So you heard that employee screening is necessary, and you thought you’d do background checks on potential hires by pulling their credit report and looking at their financial history. You probably think it’s a harmless way to get peace of mind.
If you do, you’re wrong.
In fact, according to The Consumer Credit Reporting Reform Act that has been around since 1997, puts plenty of restrictions on the rights of employers when it comes to credit checks, and gives employees a lot more power. Here’s what you need to know.
You Need Written Consent for Employee Screening
Before you can even think of pulling a commercial credit report on a prospective employee, you need to get their consent to the check, in writing. That consent needs to be conspicuous and clear, and on a separate piece of paper. So you can’t hide it on page 25 of your application form and call it a day!
The best course of action is usually to present them with the consent, tell them what they are consenting too, and then ask them to sign.
Waivers Are Invalid
Another core provision of the amendment to the FCRA is the provision that any waiver your prospective employee signs related to their consumer rights is a contradiction of the law, and automatically void. In other words, the information you receive can only be used for employment screening purposes.
Using Adverse Information
If you do get consent to pull a credit report as part of your employee screening and you find adverse information that affects your hiring decision, you still can’t simply take the candidate off the list and move on to others.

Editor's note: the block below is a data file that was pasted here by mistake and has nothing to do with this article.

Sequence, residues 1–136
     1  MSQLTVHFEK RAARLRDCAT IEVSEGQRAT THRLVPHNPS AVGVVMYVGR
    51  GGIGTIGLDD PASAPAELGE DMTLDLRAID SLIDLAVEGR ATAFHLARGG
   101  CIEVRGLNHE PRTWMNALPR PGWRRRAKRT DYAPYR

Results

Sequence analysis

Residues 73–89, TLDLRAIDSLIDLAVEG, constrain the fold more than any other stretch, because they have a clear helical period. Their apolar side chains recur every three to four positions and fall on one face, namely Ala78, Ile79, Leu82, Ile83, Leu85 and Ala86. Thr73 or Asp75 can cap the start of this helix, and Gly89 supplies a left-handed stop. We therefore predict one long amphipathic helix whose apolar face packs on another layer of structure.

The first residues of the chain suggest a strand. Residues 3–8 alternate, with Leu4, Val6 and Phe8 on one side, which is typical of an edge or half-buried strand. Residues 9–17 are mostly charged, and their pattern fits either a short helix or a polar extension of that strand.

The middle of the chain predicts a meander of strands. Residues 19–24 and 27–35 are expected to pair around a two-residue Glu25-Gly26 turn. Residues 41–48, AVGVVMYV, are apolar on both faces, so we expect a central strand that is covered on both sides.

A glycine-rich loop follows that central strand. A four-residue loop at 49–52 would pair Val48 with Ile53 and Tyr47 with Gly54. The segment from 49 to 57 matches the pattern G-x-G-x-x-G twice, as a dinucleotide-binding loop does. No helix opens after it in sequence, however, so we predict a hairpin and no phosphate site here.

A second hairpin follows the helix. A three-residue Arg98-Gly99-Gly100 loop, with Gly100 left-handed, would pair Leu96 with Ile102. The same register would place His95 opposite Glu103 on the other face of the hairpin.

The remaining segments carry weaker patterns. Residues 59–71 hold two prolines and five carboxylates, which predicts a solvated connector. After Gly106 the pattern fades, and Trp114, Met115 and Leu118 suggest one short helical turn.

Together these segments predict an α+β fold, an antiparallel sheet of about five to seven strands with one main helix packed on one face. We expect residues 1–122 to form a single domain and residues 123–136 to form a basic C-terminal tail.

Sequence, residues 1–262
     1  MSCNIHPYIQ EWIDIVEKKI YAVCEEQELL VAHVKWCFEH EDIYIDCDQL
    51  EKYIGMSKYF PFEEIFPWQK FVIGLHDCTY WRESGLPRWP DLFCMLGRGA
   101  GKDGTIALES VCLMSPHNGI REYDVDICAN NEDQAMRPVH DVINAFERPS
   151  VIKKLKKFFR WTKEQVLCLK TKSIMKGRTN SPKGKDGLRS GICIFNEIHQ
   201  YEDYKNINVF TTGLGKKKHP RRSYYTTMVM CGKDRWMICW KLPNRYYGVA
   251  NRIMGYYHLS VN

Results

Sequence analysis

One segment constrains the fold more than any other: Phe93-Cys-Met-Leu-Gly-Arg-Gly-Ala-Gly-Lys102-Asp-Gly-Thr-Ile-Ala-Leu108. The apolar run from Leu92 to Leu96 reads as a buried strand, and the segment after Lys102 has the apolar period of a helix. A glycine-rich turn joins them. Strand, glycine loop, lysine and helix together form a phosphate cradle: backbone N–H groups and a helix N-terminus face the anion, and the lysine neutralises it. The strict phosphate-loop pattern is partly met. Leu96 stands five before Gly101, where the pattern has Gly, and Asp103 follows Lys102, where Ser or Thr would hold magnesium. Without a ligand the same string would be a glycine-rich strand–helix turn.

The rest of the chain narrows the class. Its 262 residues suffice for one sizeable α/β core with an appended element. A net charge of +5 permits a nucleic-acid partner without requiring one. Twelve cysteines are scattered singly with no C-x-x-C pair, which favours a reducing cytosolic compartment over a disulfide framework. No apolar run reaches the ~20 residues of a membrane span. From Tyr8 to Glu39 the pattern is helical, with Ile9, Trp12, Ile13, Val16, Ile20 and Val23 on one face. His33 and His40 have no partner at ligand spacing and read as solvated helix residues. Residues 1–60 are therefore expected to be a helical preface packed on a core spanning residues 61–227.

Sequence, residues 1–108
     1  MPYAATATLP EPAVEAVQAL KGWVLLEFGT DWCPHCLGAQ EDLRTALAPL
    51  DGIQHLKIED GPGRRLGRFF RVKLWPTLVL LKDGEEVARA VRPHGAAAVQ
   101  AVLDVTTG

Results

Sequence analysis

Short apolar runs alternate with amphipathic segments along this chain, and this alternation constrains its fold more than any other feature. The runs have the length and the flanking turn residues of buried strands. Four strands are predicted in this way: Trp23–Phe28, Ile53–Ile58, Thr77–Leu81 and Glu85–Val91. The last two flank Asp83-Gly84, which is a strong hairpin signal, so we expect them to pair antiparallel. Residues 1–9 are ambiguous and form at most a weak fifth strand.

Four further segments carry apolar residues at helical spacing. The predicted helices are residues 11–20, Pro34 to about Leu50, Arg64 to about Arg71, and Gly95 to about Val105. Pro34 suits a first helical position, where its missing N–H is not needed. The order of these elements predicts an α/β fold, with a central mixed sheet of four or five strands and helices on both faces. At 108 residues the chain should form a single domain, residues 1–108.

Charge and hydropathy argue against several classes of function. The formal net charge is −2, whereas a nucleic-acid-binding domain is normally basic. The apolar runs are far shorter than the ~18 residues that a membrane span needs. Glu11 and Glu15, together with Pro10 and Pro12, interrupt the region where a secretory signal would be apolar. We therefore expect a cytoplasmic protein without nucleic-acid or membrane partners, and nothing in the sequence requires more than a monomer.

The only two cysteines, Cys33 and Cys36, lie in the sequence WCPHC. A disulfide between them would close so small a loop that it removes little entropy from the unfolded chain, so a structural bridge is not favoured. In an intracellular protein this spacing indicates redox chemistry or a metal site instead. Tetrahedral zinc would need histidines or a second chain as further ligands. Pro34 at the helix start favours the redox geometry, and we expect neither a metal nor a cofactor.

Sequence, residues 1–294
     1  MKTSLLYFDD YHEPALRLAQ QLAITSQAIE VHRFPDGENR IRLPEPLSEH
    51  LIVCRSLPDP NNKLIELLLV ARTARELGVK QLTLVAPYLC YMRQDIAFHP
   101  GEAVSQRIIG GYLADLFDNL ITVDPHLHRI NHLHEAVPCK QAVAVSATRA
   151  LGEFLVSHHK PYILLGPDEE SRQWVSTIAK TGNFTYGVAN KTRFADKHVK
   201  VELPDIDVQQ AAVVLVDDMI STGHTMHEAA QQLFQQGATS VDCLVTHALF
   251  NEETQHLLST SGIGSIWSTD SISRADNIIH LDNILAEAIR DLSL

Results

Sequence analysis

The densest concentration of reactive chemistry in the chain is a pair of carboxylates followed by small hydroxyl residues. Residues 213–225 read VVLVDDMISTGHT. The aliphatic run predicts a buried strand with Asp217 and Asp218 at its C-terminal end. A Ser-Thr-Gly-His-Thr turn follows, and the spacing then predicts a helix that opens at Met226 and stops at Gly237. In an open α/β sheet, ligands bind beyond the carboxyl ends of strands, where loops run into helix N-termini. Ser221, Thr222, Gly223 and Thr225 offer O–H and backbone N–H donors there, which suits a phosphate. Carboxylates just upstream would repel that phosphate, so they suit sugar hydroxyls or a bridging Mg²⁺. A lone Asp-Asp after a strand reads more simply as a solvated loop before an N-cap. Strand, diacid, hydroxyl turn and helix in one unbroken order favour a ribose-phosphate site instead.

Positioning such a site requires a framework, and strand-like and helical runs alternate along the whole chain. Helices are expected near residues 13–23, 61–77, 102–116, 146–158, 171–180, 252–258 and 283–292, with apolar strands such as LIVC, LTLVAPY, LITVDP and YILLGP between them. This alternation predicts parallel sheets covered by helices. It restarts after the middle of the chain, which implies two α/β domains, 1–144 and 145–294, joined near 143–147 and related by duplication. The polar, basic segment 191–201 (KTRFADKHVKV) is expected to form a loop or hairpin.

According to the law, you must provide your prospective employee with either a copy of the report, information on how to obtain a free copy of the report, or a verbal breakdown of the information, and allow them to contest the information. They have the right to know where you drew the report, including the name, address and contact information of the agency in question.
The reason for this is that credit reports are not infallible, and there are many that contain outdated information or errors. Failing to hire someone because of incorrect information on their credit report is a recipe for a lawsuit!
Penalties for Non-Compliance
Consumer reports and employee background checks are a part of the process employers use to safeguard against expensive mistakes and nasty surprises, but if they are not handled correctly, they can lead to problems and penalties of their own.
You may find yourself liable for actual costs to employees of up to $1000, as well as potential punitive damages, costs and attorney’s fees. You may also be sued for up to $2500 by the FTC themselves.
In other words, thanks to penalties, you might wind up paying a lot more in legal costs if you get employee screening checks wrong than you would have paid to hire a professional to do it for you.